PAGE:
The Parable of the Good Shepherd Read in the Karimojong Cultural Context
During my Mission Experience Program in Kotido Diocese- Loyoro Parish I learned a unique thing about cattle. Among the Karamojong culture cattle have a central place in the life of the people. This importance goes back to their history and way of life: they are pastoralists.
But as a result of continuous raiding of their cattle, they had to adapt another mode of surviving. This new mode of surviving was agriculture. The people in Karamoja have become agro –pastoralists. Despite the continuous raiding of their cattle they still have a lot of cattle. Cattle have a social, religious, ethical, cultural, and economic value in the life of the people. In the social context, cattle are used as dowry (bride price) for marriage. In the religious context cattle are used to appease the spirits when the people experience some calamities in the community. In the ethical sphere cattle are used as a fine when one has committed crime in the community. The cultural and economic value of cattle is evident from the rank one is given in the community. Cattle guarantees one a certain authority within the culture as well as being a source of wealth. From this background, I would like to share my experience in regard to the symbol of the good shepherd.
In Karimojong culture, the symbol of the good shepherd speaks volumes to the people. The message of the good shepherd is very meaningful to the people since they deal with cattle on a daily basis. The purpose of this symbol of the good shepherd here is to highlight leadership skills which the Karimojong exercise whilst shepherding their animals. In Karamoja, the shepherd exercises many leadership skills in taking care of the cattle. Some of these leadership skills, which I noticed among the shepherds are planning, organizing, directing, coordinating, and controlling.
Karamoja is a semi-arid area with little rainfall, so getting green grass for the animals is something quite difficult. The animals get used to dry grass. The shepherd takes the animals to where they can feed properly before midday. During the course of the day especially at the midday hour, the animals are normally taken to the bulkhead for water. During the rainy season the animals taken to another area where they can graze without intruding on the crops of other people. For me this is a clear sign of planning which is necessary for me as well as for others who are shepherd(leaders) in different capacities: to always look ahead into the future and identify the activities that are desirable and profitable.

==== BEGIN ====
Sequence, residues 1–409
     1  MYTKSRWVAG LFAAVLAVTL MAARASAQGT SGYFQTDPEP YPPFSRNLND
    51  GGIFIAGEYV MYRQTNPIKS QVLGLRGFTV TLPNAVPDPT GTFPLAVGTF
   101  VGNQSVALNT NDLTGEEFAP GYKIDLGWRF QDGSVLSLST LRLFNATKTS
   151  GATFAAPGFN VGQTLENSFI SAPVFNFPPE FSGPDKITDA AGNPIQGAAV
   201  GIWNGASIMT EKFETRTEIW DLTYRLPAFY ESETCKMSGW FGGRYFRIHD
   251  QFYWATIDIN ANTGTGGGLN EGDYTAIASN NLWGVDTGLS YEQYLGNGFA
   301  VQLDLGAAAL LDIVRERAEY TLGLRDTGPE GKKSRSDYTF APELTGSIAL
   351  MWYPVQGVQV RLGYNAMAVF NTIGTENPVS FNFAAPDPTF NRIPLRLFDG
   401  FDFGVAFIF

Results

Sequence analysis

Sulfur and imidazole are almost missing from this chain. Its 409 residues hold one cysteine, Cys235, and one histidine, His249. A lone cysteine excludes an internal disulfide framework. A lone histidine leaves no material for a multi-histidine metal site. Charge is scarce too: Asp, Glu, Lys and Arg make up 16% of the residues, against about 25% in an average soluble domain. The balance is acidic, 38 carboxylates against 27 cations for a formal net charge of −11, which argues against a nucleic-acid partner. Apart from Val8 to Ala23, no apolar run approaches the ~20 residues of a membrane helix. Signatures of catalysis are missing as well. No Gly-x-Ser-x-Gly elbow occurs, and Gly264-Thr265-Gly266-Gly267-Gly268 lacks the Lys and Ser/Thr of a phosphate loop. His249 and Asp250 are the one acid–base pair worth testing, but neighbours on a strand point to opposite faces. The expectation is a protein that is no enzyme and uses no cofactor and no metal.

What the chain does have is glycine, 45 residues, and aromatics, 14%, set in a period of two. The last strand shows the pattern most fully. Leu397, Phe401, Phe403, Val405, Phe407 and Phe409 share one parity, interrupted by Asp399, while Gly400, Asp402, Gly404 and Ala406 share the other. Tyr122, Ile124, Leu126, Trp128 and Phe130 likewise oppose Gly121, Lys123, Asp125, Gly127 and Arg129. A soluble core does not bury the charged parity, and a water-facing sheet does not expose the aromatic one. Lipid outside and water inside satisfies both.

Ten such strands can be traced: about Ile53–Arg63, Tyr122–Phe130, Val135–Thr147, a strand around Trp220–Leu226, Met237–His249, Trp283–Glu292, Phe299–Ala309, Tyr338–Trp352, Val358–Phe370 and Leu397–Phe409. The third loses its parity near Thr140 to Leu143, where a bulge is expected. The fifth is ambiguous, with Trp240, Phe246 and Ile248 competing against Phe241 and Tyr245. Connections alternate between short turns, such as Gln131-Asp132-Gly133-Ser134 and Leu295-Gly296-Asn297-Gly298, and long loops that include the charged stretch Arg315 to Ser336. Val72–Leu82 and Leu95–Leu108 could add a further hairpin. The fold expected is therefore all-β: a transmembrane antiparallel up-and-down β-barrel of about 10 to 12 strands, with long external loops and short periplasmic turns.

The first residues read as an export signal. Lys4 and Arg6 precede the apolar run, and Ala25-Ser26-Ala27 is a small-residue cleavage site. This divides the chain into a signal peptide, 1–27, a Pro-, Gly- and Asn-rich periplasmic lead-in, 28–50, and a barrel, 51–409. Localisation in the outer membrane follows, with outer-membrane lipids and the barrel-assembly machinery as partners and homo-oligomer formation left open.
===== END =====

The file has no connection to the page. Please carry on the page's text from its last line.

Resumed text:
This planning, which I experienced with the shepherds in Karamoja had different objectives. First, the shepherd had goals and objectives for the cattle since they play a central role in the life of the people. The animals needed to be fed and protected from danger. The shepherds were so skillful that they had to identify the alternative courses of action to attain their goals and objectives. The shepherds used to give salt to the animals and supplementary feed since sometimes during the dry season there was no grass for the animals. Furthermore, the shepherds would move in groups so that in case of any danger they could easily respond to the threat. This could be termed ‘reading the signs of times’. For me reading the signs of times, is a value that I strive for in my daily activities by adjusting to situations.
Another aspect which I saw in Karamoja in regard to shepherding of animals was sacrifice and enthusiasm which the shepherds portrayed. The shepherding of animals was a task reserved for males only. The male gender included children, youth, adult, and old people. A child could stay away from school in order to shepherd animals. In a way shepherding of animals contributed to the poor performance of the male gender in primary schools as well as school dropout. The shepherd would graze the animals from morning up to the evening hour without food. During the long hours of shepherding the shepherd would depend solely on the milk of the animals. This shows how they would sacrifice their meals in order to take care of their animals. The shepherds were also very enthusiastic about their responsibility of shepherding their animals since they knew the value attached to the animals. In addition, this enthusiastic attitude manifested itself in the way the shepherd directed and coordinated the animals.
So this experience taught me leadership skills such as planning, reading the signs of times, having clear goals and objectives, the value of directing, coordinating, and organizing.
Nobert Yarshikeh, student of theology, Nairobi